Since announcing a month ago that he was buying a stake in the football club Hammarby IF, based in Sweden's capital Stockholm, Ibrahimovic's bronze statue in Malmö has been regularly vandalized.
It was only unveiled in October, in the presence of thousands of fans, outside the stadium of Malmö FF – the southern Swedish team where Ibrahimovic made his professional debut in 1999 and a rival of Hammarby.
A rope was placed around the statue's neck and the word “Judas” daubed across the front door of his residence in Stockholm.
“He's lost to Malmö, the relationship is over,” Kaveh Hosseinpour, vice-president of the Malmö FF supporter club, told AFP.
The star himself has yet to truly address the controversy, only saying that he “didn't see it”, when asked by celebrity news outlet TMZ.
The son of a Bosnian and a Croatian, Ibrahimovic, 38, grew up in Rosengård, a tough working class neighbourhood of Malmö with a high immigrant population.
Rosengård is where he kicked his first football, surrounded by decaying concrete buildings. It was also the place where his legend was first forged.
“Not a day goes by without a young man telling me he's the new Zlatan,” said Ivan Milosevic, who played alongside Ibrahimovic as a child at FBK Balkan, where he is now president.
Ibrahimovic turned out for many of Europe's top teams, such as Amsterdam's Ajax, AC Milan, Barcelona, Paris Saint-Germain and Manchester United, before he signed for US team LA Galaxy in 2018.
As one of the best players of his generation, the footballer can be considered “a national public good” in Sweden, according to Johanna Frändén, a sports writer with daily newspaper Aftonbladet.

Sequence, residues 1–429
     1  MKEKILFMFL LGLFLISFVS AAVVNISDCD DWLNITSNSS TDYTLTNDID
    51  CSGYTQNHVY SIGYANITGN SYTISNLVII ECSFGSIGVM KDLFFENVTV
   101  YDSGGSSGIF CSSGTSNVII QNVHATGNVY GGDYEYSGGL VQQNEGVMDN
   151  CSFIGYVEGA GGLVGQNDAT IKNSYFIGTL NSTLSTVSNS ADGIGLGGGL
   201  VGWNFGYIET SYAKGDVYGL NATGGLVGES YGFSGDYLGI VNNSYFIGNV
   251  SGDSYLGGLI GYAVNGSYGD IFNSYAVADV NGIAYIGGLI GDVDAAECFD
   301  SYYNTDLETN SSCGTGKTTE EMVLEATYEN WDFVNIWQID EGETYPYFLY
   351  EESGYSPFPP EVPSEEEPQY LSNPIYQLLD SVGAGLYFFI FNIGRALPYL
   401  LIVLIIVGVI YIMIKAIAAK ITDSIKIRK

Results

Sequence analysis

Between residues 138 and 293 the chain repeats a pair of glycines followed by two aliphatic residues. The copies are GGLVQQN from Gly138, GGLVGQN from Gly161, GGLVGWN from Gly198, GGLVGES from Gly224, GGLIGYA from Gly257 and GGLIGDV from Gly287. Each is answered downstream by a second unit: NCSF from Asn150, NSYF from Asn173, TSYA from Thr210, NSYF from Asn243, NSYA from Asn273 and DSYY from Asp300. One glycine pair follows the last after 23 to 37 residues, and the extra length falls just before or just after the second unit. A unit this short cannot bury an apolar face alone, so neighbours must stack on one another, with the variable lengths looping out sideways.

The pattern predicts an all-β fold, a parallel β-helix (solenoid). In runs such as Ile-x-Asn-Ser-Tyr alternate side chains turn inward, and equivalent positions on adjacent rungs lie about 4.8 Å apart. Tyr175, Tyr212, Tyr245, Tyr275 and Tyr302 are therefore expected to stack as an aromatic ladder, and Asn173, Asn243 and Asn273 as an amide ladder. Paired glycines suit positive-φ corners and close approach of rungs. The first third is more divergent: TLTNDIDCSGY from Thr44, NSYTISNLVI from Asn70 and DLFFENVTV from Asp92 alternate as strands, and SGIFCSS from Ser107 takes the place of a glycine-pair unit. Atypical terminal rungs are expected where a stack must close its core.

Among young people with immigrant backgrounds, Ibrahimovic has become even more of a symbol, as his cocky attitude, individualism and zealous ambition stand in stark contrast to cardinal values of humility and modesty still apparent in the traditionally Lutheran country.
With 116 games for Sweden and 62 goals, Ibrahimovic is the all-time leading scorer for the national team.
“Now Sweden isn't just Ikea, Abba and the meatballs, but it's Zlatan, Ikea, Abba and the meatballs,” said Hosseinpour.
Previously, his fans have been ready to forgive almost everything the player has done, and vehemently defended his sometimes controversial statements.
But for many the investment in a rival club was simply too much to bear.
“We were very surprised” when he said he was acquiring a 25 percent stake in Hammarby, Frida Trollmyr, deputy mayor of Malmö in charge of culture and sport, admitted to AFP.
Ibrahimovic also had the audacity to say he intended to make Hammarby – whose lone Swedish title came in 2001 – the best club in Scandinavia. By comparison, Malmö are the record 20-time domestic champions.
The vandalized statue. Photo: Johan Nilsson/TT
“Zlatan has received a lot of respect and love from Rosengård, Malmö and Malmö FF,” Katarzyne Herd, an ethnologist focusing on Swedish football clubs, said.
“But he has refused to pay it back with what his supporters were craving, which is loyalty,” she added.
Rakel Chukri, an editorial writer for the local newspaper Sydsvenskan, also said that his immigrant background means some people feel that his “debt of loyalty” to the city is even greater.
“Racial slurs are always close at hand when Zlatan is criticized because he is such a symbol for immigrants in Sweden,” said Frändén.
In one of the instances when his statue was defaced, the words “Cigani dö” (“gypsy” in South Slavic languages, and “die” in Swedish) had been written in front of the statue.
Even in his home neighbourhood of Rosengård his star has faded somewhat and the disenchantment can even be read on the concrete.
Over a tunnel, a few hundred metres from the house he grew up in, one of his quotes has been put up: “You can take a guy out of Rosengård. But you can't take Rosengård out of the guy.”
Recently an addition to the quote was made: “But the guy can buy his way out.”
Article by AFP's Camille Bas-Wohlert